Synonymous with work-based stress, burnout is a mental health condition that can affect people from all walks of life. No matter how secure you feel your life is, if you are overworked in any aspect of your life, burnout could become an issue.
What is Burnout?
Burnout is a condition caused by chronic stress and usually occurs when a person is overcome by emotional strain, demands on time, overwhelming work commitments or difficult periods in their personal life. Symptoms of burnout can be similar to those of depression and both conditions can be experienced together, triggered by the initial burnout experience. As stress continues, the individual suffering from burnout may find it impossible to continue with their job and handle pressures or responsibilities at home. Burnout is most effectively dealt with at an early stage, so it is advantageous to be able to recognise the signs to help alleviate or halt burnout before it occurs.
In home Burnout treatment
If you feel like you are experiencing the signs and symptoms of burnout, it is best to receive specialist burnout care at the earliest possible stage. This helps reduce the potential of further problems occurring from the condition later down the line.
As burnout is often caused by prolonged levels of stress, a burnout treatment programme’s focal point surrounds stress therapy and stress management. This, alongside additional psychotherapy methods such as Cognitive Behavioural Therapy, helps reduce stress levels so you can better perform in your day to day life. In addition, a burnout treatment programme focuses on developing effective techniques that can help manage stress levels in the future, which reduces the chance of intense stress and future burnouts reoccurring.
What are the signs of Burnout?
Also referred to as adrenal fatigue and exhaustion, the signs of burnout begin gradually, building up until the person is unable to function at their normal level both mentally and physically. Periods of intense stress, such as a high-pressure project at work or the illness of a loved one can cause the body to react in a negative manner. Gradually, the person suffering may lose interest in their work or home life and feel less motivated to do the activities they previously enjoyed. Feelings of hopelessness, intense fatigue and cynicism can all be signs of impending burnout, and being worried or preoccupied with work when not in the work environment (e.g. at the weekend) may signify the need to reduce stressors to combat a potential burnout.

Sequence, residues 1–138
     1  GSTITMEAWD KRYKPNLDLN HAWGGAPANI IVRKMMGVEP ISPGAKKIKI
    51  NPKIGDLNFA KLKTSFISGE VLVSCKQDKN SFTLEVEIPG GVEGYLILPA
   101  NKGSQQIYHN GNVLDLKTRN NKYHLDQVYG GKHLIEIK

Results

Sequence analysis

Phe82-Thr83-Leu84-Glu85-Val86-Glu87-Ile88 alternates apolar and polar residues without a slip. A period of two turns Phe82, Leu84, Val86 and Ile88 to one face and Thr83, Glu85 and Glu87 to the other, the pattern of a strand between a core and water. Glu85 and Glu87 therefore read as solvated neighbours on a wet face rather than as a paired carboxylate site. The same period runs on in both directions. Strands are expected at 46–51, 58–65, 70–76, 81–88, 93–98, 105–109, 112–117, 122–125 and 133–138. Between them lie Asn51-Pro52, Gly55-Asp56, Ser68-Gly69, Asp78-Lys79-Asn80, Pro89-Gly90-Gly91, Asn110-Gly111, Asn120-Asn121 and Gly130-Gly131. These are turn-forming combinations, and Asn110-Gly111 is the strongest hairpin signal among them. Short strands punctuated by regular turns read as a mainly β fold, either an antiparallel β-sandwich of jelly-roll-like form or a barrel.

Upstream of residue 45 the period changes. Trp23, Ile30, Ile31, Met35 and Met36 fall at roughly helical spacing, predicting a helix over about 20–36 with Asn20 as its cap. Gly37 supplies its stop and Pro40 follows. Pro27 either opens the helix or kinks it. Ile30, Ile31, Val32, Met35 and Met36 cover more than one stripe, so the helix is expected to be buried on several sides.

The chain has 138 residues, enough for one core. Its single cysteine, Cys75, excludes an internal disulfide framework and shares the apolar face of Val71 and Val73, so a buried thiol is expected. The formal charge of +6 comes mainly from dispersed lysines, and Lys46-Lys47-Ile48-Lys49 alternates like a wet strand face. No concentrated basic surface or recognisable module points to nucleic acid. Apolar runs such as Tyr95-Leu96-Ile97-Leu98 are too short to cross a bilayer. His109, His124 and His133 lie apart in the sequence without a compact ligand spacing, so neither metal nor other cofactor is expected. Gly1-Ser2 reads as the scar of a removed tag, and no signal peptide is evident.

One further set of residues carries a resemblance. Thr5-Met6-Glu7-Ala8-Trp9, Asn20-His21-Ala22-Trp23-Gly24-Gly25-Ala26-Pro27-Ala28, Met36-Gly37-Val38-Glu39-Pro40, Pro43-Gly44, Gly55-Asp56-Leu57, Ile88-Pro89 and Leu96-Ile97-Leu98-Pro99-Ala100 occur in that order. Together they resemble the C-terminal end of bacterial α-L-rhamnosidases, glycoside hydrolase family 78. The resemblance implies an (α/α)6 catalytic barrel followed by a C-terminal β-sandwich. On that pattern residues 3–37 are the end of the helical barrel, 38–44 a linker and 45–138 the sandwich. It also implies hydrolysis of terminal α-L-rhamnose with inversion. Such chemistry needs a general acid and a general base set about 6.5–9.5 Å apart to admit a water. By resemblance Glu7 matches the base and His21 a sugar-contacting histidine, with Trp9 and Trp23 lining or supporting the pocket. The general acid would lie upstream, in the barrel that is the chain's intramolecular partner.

What are the symptoms of Burnout?
Individuals may show different symptoms of burnout, but it’s worth noting that those who are perfectionists, have a high-stress job or increased responsibility at home (e.g. multiple children or a carer for a family member) may be more at risk. Burnout symptoms can include:
- Lack of motivation and enjoyment at work
- Frustration, aggressive behaviour and cynical thoughts
- Lack of personal hygiene care
- Feeling alienated from colleagues or friends/family
- Deterioration of personal and professional relationships
- A feeling of ‘having no more to give’
What are the causes of Burnout?
As mentioned, there are certain personality and lifestyle types that may be more susceptible to burnout; however, the condition can affect an individual regardless of their previous mental health history or job/home life. The UK government reported that 12.5 million sick days were taken in 2016/17 because of work-related stress and depression or anxiety. This demonstrates just how common these conditions are amongst the community.
Professor Christina Maslach has been studying burnout at the University of California, Berkeley since the 1970’s. Alongside her contributors, she came up with the following six components that can contribute towards burnout.
Workload – Juggling tasks, pressure from peers and impending deadlines.
Control – Feeling out of control with an inability to influence decisions.
Reward – Believing that hard work both at home or in the workplace is not recognised or rewarded.
Community – A lack of support from a community, be it colleagues or the local community can incite feelings of helplessness and despair.
Fairness – Perceived injustice is a powerful contributor to burnout symptoms, often culminating in a loss of control for certain situations.
Values – When values are not aligned it can cause extreme stress when in close proximity to those with opposing thoughts and opinions.
Private Burnout treatment with Brevin
If you are struggling to manage current stress levels and feel you are suffering from a potential burnout, Contact Brevin today. A friendly member of our team will reply to you to discuss your condition and provide advice on how our in-home mental health services can help you.
Burnout has a significant impact on an individual’s mental health – often leading to physical, mental and emotional problems. The impacts of burnout can lead to, but are not limited to:
- Personal deterioration
- Negative impacts on relationships
- Professional dissatisfaction
- Social dissatisfaction
- Abandonment of responsibilities
- Exhaustion and fatigue (mentally and physically)
- Memory loss
A burnout, also known as adrenal fatigue and exhaustion, is now a legitimate medical diagnosis. In previous years, burnout was not considered a mental disorder, even though it is one of the most widely discussed mental health problems in today’s society.